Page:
Remember Tangi Colombel, the puckish, bald French performer whose American debut at Palm Beach Dramaworks 14 years ago in the Carbonell Award-winning musical, Jacques Brel Is Alive and Well and Living in Paris, that also earned him a Curtain Up Award as Outstanding New Performer?
It turns out he is alive and well and living in Palm Beach Gardens, having forged a lucrative career in voiceovers and translation, plus the occasional film and commercial. And now, for one weekend only, Nov. 9 to 11, he will be appearing in Pardon My French!, his own one-man cabaret – in English – of songs and jokes that will make the audience blush.
Since Jacques Brel, Colombel has appeared at Dramaworks in Les Liaisons Dangereuses and The Fantasticks, as well as entertaining at private parties, bars and restaurants. Of the latter, however, “they don’t listen to you or they barely listen to you,” he says. “So when that happens, you have to develop a sense of humor. So I would start making jokes, some of them would work, some wouldn’t work.” The good ones he began to write down, gathering enough material for a solo show.
As to his song selection, Colombel insists “I know which songs are appreciated by the American audience. I know they like them, because they applaud, you can hear them sigh.” He expects to sing such familiar French and faux-French fare as “C’est Magnifique,” “If You Go Away” and “Thank Heaven for Little Girls.” When in doubt, says Colombel, stick to the repertoire of Maurice Chevalier.
While Pardon My French! was designed for American tastes, Colombel has performed it in Japan and Korea and hopes to take it next August to the Edinburgh (Scotland) Theatre Festival. “Maybe my humor is universal,” he muses.
Not bad for a guy who left France and moved here 14 years ago barely speaking a word of English. Still, he was quickly cast in Jacques Brel and had to learn his English lyrics phonetically. All but adopted by cast members Avi Hoffman and Laura Turnbull (“my godfather and godmother in this business”), Colombel was soon appearing in their productions of The Apple Tree (as The Snake) and Fiddler on the Roof (as Russian cossack Fyedka).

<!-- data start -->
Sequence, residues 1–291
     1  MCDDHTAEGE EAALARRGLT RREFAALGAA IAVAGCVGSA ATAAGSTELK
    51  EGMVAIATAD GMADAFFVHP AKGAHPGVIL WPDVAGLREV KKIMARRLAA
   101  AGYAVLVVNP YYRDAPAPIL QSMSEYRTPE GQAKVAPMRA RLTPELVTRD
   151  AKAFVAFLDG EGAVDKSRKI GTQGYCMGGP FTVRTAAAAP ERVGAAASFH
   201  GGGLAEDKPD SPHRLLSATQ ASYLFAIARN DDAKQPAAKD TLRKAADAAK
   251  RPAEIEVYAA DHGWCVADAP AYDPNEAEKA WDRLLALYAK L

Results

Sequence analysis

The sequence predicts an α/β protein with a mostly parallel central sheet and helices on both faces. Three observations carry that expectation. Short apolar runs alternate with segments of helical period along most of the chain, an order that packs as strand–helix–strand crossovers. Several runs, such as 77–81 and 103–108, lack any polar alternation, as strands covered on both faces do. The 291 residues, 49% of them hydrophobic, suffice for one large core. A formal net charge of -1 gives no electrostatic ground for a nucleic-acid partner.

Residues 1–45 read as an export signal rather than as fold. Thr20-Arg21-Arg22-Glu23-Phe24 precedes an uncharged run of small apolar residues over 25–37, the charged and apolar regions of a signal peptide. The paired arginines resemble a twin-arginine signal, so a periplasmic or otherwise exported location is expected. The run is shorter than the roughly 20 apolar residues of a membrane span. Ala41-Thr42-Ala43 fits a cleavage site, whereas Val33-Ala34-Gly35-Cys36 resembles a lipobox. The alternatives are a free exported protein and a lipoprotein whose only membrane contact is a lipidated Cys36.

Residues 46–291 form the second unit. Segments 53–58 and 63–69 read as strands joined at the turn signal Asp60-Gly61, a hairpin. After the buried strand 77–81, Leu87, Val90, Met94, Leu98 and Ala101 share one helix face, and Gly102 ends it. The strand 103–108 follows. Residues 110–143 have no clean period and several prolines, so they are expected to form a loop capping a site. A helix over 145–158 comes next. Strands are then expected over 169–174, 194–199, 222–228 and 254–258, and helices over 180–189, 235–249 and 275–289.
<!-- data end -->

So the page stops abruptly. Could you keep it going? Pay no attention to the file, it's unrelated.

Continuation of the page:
Maybe it is his bald head, but the mild-mannered Colombel started being cast in bad guy roles. “On my first movie audition, I got cast in ‘Step Up Revolution,’ a movie about dance, They were looking for a ballet master, someone mean, and I auditioned and I got the part,” he says. “Since then I have gotten other roles as mean guys. I am being typecast, I guess. I’d like to do more of that.”
But for the moment, he is concentrating on making a cabaret show, his way. “I don’t want people to come expecting a very quiet evening with French songs and a little chat. I want them to be shocked, disturbed, but not in a bad way,” he says with a maniacal laugh.
As to making the audience blush at his jokes, “As I say in my show, because I am French, people will forgive me all the time. It’s like, ‘Oh, he said the “f” word, but he’s French, so it’s OK.’ So my brand of comedy is, shall we say, a little naughty. And I know that people like it.
“I’ve seen some cabaret and they’re dull. I want mine to pop. I want to show you guys what I can do. I can be a mean guy, but I can be a funny guy too, a charming guy.
“For the first time, I think, I use my life as material and I created something that looks like me, something that is me,” concludes Colombel. “That makes my show unique and refreshing and good and funny. People won’t be disappointed.”
PARDON MY FRENCH!, Lake Worth Playhouse Stonzek Theatre, 709 Lake Ave., Lake Worth. Friday, Nov. 9 to Sunday, Nov. 11. $25. 561-586-6410 or visit www.lakeworthplayhouse.org.